It’s no fun when your belief system is thrown into a tailspin. It’s no fun when your theological substructure upon which you have built your life suddenly crumbles into dust. It’s no fun when you’re suddenly overwhelmed by doubts about the cardinal convictions that you have held near and dear for so long. Let me tell you: Given the choice between a crisis of faith and… say… bamboo shoots stuck up my fingernails, I’ll take the bamboo shoots every time.
Here’s how it happens: Something unexpected hits our lives. A loss. A disappointment. Mistreatment at the hands of a Christian. A personal moral failure that leaves us reeling with the realization that we just did something that we were sure we would never/could never do. A spiritual dead zone where we go through all of the motions that worked in the past — Bible reading, prayer, memorization, faithful church attendance — but no matter what we do or how hard we try to connect with God, He seems utterly disconnected — silent, indifferent, or non-existent.
It doesn’t help that we’ve had it ingrained into our thinking that such deep-down doubts are evidence of a lack of faith. Because if faith is the basis of our salvation — “For it is by grace you have been saved, through faith” (Ephesians 2:8) — then perhaps, just maybe, we were never saved to begin with. Or so we fear. Like a dull headache, the question can gnaw ever so subtly at the synapses of our minds: Can a true believer in Jesus ever really falter in his or her faith, or stop believing altogether?
I’ve been thinking a lot about this because I was reminded of something just this week in our ongoing study of Jesus in HD. During my teaching preparation, I was reacquainted with an old friend. He appears in the opening act of the Gospel drama. He plays a singularly significant role in Jesus’ life and ministry at the beginning, and then just sort of fades away — by design. Yet Jesus held him in the very highest esteem, paying him the most superlative of compliments that firmly established this choice servant of God in His Hall of Faith of biblical heroes.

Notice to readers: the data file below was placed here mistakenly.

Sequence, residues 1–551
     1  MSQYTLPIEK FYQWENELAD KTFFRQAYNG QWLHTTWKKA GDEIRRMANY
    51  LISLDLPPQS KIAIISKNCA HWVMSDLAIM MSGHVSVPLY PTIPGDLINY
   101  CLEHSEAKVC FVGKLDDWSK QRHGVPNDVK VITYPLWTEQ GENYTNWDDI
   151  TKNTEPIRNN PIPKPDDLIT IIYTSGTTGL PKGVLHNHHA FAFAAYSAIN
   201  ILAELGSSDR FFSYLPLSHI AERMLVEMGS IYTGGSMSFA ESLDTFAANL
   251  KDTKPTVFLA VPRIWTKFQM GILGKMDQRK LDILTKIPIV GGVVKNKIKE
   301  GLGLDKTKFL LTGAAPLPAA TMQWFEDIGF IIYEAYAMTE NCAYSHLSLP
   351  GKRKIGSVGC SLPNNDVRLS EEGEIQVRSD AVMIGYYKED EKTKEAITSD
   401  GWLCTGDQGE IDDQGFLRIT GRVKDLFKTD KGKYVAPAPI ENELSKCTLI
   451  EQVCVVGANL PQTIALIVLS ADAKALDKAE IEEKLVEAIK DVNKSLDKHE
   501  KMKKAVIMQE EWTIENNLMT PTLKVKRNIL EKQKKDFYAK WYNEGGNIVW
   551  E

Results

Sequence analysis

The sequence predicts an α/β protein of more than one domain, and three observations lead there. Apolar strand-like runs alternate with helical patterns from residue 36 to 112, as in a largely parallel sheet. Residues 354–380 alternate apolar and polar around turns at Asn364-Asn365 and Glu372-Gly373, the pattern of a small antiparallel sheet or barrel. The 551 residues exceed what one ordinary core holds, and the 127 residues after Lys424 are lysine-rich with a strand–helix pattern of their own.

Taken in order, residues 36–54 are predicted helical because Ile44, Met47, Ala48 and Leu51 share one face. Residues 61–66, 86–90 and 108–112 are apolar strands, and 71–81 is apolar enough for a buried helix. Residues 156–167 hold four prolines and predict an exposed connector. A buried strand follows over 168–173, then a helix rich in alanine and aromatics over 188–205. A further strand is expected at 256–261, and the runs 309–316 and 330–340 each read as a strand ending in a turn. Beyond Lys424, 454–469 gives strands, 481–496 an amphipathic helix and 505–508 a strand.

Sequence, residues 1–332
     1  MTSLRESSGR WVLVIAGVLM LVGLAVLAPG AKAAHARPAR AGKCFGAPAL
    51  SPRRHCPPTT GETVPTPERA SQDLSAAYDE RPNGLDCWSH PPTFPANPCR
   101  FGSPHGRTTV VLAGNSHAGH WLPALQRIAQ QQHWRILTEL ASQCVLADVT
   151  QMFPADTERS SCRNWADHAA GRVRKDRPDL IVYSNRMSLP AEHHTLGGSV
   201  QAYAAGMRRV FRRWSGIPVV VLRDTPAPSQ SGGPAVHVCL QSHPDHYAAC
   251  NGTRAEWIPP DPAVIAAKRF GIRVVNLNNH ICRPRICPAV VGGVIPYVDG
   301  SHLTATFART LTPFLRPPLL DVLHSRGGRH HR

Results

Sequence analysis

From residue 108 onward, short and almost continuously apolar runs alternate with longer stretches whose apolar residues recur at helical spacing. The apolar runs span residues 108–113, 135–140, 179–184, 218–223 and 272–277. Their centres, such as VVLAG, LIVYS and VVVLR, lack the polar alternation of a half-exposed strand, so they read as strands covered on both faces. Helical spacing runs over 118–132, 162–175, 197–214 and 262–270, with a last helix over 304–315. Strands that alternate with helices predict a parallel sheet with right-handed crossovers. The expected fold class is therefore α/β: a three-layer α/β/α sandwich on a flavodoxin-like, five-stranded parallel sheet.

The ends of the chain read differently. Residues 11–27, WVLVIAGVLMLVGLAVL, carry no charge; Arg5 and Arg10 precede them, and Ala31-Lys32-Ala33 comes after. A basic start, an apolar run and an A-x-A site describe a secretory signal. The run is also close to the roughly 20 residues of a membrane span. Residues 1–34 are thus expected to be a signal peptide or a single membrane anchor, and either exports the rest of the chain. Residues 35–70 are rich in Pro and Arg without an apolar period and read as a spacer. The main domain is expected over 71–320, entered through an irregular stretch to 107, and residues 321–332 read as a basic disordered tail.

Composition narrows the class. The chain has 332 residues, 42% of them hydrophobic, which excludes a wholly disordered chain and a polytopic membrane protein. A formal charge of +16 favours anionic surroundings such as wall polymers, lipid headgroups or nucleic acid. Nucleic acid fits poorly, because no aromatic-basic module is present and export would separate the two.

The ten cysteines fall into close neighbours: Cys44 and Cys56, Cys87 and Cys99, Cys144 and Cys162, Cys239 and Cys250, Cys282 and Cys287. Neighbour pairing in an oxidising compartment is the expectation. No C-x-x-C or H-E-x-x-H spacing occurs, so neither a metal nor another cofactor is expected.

And yet, in his darkest hour, at that moment when his life hit rock bottom, his faith collapsed.
Yes, I am talking about John the Baptizer. A man about whom Jesus said, “I tell you the truth, of all who have ever lived, none is greater than John the Baptist” (Matthew 11:11). Pretty high praise for someone caught in the stranglehold of his own crisis of faith.
Here’s the thumbnail of his backstory (If you want to hear the full-blown account of John’s epic downward spiral, click HERE for the podcast): John the Baptizer announced to the world that Jesus was the Messiah, and that the Kingdom of Heaven was at hand (Mathew 3:2). But as so often happens, life did not turn out the way John thought it would or thought it should. This supremely faithful and uncompromisingly godly servant of the Most High ended up in prison and languished in a desert dungeon for months. No, life was not fair. Yes, bad things (a whole lot of bad things) happened to this very good person.
Matthew gave us the briefest of glimpses into John’s personal prison of anguish when he reported that in desperation, John sent a question to Jesus. A most remarkable question, the words of which unmask the depth of John’s doubts. The man who revealed Jesus the Messiah to the world actually asked Him, “Are you the Messiah we’ve been expecting, or should we keep looking for someone else?” (Matthew 11:3).
You talk about a faith in free-fall! There it was for all the world to see and hear.
Now, my point in sharing this is not to solve your crisis of faith (assuming you have had, or will have one). I can’t do that. I can tell you that like me — like John — you will work through it, and come out even stronger because of it.
My point is to tell you this: Jesus did not condemn John the Baptizer. Just the opposite. For it was in response to John’s question that Jesus heaped upon him the highest praise that Jesus gave to anyone.
Have any doubts of your own? Jesus understands. He knows how tough it is down here. He knows firsthand all of the many factors that can suddenly and unexpectedly and tragically come together in a faith-shattering constellation of catastrophes that will rock anyone’s belief system to its very core.
And He loves us just the same.
He won’t condemn us. He won’t judge us. He won’t think less of us. He will not abandon us. He will say to us exactly what He said in response to John the Baptizer: Look at all the things I am doing — “The blind see, the lame walk, lepers are cleansed, the deaf hear, the dead are raised, and the poor have good news proclaimed to them” (Matthew 11:5). In other words, I’m still here. I’m still in control. Even if/when it doesn’t seem like I am. AND… I am not going anywhere.
If someone of the stature of a John the Baptizer battled his own demons of doubt, please don’t be surprised and don’t despair if you do as well.